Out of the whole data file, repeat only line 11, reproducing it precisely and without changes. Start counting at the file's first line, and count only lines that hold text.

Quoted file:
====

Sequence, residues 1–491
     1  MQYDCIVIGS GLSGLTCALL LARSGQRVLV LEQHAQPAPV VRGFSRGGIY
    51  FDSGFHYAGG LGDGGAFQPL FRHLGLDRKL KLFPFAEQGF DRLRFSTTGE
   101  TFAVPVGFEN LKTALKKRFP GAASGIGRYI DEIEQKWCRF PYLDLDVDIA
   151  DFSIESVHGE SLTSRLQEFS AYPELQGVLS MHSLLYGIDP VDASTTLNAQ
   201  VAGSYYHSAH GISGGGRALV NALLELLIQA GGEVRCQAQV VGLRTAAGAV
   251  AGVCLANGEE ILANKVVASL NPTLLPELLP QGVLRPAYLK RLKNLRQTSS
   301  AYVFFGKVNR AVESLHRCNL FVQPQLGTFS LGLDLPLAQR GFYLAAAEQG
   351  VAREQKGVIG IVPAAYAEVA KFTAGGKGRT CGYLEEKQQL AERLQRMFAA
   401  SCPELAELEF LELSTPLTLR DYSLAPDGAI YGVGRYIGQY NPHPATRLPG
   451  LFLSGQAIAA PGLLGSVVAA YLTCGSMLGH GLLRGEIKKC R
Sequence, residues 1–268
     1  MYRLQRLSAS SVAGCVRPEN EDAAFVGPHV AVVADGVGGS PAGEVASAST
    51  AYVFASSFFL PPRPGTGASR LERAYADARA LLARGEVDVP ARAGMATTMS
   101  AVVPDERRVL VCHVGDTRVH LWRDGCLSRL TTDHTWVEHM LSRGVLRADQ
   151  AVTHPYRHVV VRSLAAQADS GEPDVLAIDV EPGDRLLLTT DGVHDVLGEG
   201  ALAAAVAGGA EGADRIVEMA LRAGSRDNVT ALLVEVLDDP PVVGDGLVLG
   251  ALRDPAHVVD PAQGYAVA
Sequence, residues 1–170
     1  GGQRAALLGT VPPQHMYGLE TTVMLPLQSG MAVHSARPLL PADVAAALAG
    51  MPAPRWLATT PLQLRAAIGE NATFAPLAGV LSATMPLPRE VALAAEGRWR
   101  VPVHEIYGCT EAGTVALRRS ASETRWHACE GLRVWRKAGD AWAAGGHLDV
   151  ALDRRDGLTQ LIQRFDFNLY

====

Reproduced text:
   451  LFLSGQAIAA PGLLGSVVAA YLTCGSMLGH GLLRGEIKKC R